How a Faster “Morning Routine” will Rescue Your Lawn Care Profits

 

Title Card with "Speed Up Your Morning Lawn Care Business Routine"

A quick story from Jonathan (Service Autopilot, Lawn Care Millionaire) from his lawn care business:

Our morning routine was a waste…

It ate into our lawn care profits, and made the whole day slower. Essentially, we were losing about an hour per crew… per day.

With 5 crews, we lost 25-30 hours of billable time each week. That’s like paying an employee to sit around every Monday and do nothing.

Here’s how I killed that “wasted time” in my morning routine and saved my profits:

The 3 Major “Slow downs” Every Lawn Care Business Suffers From

There were three major problems we needed to solve:

  1. “The Ice Problem”
  2. Fill the Tanks Faster
  3. Cutting Out the Mid-morning Rush

I’ll show you how we solved each of these, starting with the morning rush:

Problem #1: the Early Morning Rush; a.k.a. the Least Profitable Part of Your Day

Lawn trucks and trailers at the gas station

The picture above was taken at 6:55 am on a Monday. Can you spot the problem?

6 lawn care trucks, with trailers, sitting around at the gas station…

Do you think they’re in a hurry to get out of there?

To be fair, it’s not always their fault.

How many times have you had to wait on “regular Joes?” You know that guy: he leaves his cars at the pump while he grabs a gallon of coffee from the convenience store.

For us, the answer was – “Too many times.”

There were days when our competitors would be waiting for us at the pump, too. They would take their sweet time … or, if they were really bad mannered, they would block us with their trailers.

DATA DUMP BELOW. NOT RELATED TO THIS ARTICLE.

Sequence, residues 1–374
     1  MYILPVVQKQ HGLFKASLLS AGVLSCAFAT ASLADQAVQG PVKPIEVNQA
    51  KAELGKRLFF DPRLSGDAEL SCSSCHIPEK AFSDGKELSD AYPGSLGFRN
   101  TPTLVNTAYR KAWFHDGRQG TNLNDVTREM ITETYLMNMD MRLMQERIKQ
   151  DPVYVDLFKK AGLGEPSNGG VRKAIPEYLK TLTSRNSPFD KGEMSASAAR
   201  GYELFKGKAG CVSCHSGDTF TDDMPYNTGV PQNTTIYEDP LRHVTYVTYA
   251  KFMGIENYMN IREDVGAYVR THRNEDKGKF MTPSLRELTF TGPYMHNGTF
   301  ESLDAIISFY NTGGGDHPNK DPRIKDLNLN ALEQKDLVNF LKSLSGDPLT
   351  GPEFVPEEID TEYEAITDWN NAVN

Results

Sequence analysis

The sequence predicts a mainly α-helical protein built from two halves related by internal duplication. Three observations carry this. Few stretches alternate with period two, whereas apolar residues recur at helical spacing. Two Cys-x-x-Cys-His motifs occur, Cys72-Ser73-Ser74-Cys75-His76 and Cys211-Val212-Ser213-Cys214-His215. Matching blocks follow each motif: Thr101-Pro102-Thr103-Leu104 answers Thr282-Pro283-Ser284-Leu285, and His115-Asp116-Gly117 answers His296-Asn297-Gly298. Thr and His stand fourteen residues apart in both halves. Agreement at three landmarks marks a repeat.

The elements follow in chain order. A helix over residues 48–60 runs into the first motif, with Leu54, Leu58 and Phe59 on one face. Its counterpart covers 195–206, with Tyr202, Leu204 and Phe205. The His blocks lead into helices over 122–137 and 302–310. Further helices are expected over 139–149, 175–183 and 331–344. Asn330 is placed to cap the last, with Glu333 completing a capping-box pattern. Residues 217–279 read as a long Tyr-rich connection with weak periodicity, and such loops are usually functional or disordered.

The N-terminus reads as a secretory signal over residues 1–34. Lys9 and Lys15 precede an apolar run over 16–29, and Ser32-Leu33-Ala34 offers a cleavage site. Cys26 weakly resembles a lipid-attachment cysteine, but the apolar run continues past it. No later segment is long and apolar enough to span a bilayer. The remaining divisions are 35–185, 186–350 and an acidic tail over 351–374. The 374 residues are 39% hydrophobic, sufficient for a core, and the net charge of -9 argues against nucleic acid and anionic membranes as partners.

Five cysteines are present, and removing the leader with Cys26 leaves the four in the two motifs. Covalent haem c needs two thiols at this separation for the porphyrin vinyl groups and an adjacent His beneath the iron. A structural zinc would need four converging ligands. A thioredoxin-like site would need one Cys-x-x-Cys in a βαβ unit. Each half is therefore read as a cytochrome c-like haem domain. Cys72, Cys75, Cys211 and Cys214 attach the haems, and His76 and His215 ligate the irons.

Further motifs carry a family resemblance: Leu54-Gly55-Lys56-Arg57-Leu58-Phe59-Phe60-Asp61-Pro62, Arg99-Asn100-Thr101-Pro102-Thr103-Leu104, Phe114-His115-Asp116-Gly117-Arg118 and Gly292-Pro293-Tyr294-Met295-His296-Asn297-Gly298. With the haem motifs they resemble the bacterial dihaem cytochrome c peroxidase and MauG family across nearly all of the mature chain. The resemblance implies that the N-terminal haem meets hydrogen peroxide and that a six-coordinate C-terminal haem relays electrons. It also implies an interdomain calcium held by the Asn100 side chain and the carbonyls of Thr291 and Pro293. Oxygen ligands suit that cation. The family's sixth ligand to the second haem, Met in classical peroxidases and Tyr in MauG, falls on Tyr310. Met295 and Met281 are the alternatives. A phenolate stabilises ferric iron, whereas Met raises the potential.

It was frustrating for a number of reasons:

  • wasting our time
  • wasting our money
  • clogging up our entire schedule

I’m going to show you how I fixed this problem (and saved my business ~$1300 per crew per year) in a moment…

…but first I want to talk about the other problem was crippling our morning routine (probably yours, too).

Problem #2: the Early Morning “Drag”

On one crew, I’ve got three guys. Steve, Jorge, and Roman.

They’re great guys. They do good work, and they always show up on time.

But their morning “quickness” leaves a little to be desired. Here’s the routine:

  1. Jorge drives the truck up to the pump at 7:00.
  2. Roman and Steve get out to use the restroom and pay for some ice.
  3. Jorge wants a snack. He doesn’t feel like waiting outside, so he goes in too.
  4. Even though the truck is filled, Jorge, Roman, and Steve are still in line at the cashier, in no special hurry to get out the door.

Now it’s 7:20. I just lost 20 minutes, per employee. That’s an hour of billable time, just gone. Evaporated.

I didn’t make any money during that time, but I still had to pay my crews because they were on the clock.

 

Solution #1: Why Deal with Mornings?

empty gas station at nightWhen we sat down to solve this problem, we realized the solution was simple:

“What connects Problem #1 and #2 together?”

“Both happen in the morning.”

The fix was easy – we moved “refueling time” to the Evenings.